“Honeybee”, alongside the rest of the songs on my latest LP, was recorded in an old ballroom in Germany back in 2015. I’d been living in Berlin, and on a whim, I rented a house in a tiny village called Bergsdorf, about an hour outside of the city in the former GDR countryside. Behind the house lay this huge, unused ballroom. I converted it into a recording studio. The space had a very specific sound, and the character of the record comes from the natural reverb I toyed around with while recording. I put a lot of microphones in a lot of places, both near and far to what I was doing, to create a natural depth to the mix that plug-ins could never have come close to simulating. For that reason, the songs and the space can’t really be separated.

I also came up with the ideas for the songs on the fly, avoiding the laborious process of songwriting pretty much altogether. I’d sit at an instrument – take a piano, for example – and mess around on it until I came up with a pattern I liked. I’d immediately record it, and that would become the foundation for the intro to the song. Then I’d move to another instrument – a chord organ, let’s say – and come up with another pattern, and that would lay the foundation for the verse. I’d keep moving from instrument to instrument, allowing the different sounds to guide where the song wanted to go, until it felt like an entire song structure had been built. All of the songs were assembled in this way, very quickly, with no second-guessing, and without a lot of concern for what would result from the process. It was a new approach for me, and I think it worked out pretty well. The whole record was an exercise in avoiding overthinking, which is something I tend to do a lot of.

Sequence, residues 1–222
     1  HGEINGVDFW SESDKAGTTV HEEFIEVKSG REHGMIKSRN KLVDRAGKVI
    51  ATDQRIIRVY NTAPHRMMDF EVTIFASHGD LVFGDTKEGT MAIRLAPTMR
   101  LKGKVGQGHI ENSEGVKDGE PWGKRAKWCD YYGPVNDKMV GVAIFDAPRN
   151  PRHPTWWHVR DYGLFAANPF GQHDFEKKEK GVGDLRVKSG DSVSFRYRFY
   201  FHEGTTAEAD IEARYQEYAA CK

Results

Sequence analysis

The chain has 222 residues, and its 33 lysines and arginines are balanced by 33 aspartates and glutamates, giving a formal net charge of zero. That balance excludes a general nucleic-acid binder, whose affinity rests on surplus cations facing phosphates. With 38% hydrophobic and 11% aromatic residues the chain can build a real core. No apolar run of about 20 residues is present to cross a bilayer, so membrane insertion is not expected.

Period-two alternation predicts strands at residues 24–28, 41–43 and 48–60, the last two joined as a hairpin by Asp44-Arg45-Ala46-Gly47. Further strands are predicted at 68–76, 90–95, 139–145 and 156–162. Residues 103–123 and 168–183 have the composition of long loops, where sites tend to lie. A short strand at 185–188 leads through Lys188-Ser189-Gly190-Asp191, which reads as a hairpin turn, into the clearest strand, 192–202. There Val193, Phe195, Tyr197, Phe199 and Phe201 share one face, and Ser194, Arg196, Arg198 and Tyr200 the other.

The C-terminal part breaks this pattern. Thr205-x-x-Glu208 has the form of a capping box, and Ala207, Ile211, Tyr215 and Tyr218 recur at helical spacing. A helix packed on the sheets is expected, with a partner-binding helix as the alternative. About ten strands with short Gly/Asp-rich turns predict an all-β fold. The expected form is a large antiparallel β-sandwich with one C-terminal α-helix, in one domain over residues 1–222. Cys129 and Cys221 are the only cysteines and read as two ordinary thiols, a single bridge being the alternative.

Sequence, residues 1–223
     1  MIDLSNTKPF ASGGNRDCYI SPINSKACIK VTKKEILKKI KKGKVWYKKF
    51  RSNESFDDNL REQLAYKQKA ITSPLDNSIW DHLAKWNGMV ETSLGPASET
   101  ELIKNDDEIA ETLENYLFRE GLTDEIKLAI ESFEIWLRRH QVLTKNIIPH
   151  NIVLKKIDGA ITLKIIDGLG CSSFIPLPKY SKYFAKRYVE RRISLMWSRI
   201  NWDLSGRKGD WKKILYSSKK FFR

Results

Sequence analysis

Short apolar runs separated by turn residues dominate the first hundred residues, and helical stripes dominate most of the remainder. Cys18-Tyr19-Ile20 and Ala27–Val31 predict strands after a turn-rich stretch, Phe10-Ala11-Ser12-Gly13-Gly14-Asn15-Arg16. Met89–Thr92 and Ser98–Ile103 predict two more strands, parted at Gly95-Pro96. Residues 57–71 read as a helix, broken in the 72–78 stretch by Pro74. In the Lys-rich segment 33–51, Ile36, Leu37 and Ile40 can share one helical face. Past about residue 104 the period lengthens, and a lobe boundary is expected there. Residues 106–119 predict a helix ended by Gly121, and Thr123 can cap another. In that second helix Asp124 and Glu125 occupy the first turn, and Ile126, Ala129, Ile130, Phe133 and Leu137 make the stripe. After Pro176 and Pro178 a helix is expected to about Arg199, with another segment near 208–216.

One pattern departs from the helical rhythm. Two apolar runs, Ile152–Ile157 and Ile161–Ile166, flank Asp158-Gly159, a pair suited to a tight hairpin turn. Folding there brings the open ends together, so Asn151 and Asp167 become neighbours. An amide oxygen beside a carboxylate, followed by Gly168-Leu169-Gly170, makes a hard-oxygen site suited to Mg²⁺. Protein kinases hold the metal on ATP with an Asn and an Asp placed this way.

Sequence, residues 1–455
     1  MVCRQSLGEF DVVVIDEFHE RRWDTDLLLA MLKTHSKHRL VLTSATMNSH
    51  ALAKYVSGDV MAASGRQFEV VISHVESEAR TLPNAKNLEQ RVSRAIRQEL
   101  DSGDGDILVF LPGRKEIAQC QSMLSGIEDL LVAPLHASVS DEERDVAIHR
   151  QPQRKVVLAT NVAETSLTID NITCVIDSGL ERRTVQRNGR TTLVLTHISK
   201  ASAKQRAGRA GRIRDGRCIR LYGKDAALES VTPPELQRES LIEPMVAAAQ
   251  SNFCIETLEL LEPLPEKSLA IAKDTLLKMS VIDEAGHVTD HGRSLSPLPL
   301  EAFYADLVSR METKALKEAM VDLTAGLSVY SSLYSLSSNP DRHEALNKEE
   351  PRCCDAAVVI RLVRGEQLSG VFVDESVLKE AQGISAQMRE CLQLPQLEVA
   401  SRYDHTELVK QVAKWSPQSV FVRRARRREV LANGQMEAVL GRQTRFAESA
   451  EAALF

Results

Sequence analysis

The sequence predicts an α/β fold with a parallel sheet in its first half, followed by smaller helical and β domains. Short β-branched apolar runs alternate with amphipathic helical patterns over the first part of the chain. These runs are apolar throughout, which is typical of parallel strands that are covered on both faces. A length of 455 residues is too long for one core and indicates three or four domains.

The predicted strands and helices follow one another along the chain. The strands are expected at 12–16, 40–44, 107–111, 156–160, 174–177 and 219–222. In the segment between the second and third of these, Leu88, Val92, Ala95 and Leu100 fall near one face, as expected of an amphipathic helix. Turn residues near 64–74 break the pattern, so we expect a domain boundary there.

What was the highlight of 2020?

Spending so much extra time with my kids during lockdowns, making more music than I ever have, and meeting my girlfriend. 2020 was a difficult year that luckily had enough silver linings to prevent my mind from completely eating itself.

What do you hope to accomplish in your career in 2021?

I’ve hired a publicist for the first time, so hopefully, these new songs, and even my old ones, will reach some new ears. I’ve been criminally lazy about the promotional aspect of making music over the years so I hope I can make up for some of the lost time.

I’m putting the finishing touches on another full-length record, I’ve already laid the groundwork for another one after that, and I’m also working on a collaborative record with one of my favourite ever song makers. So there’s a lot to accomplish and a lot to be excited about.

Is there anyone out there you’d like to collaborate or open/close a concert with in the future?

If I could bring them back the list would have to include Mark Linkous, David Berman & Jason Molina. I continue to have a deep love for the songs of Tim Ruitili, Doug Martsch & Jason Lytle, so I’d collaborate with any of those guys in a heartbeat. I’d probably be too nervous to be in the same room as PJ Harvey, but I’ll go ahead and add her to the list. Beyond those songwriters I’ve admired for so many years, I have to admit I’m fairly out of touch with what’s going on in the music world today. But I’m lucky to have quite a few friends who make great music, so hopefully we’ll all be playing shows together soon.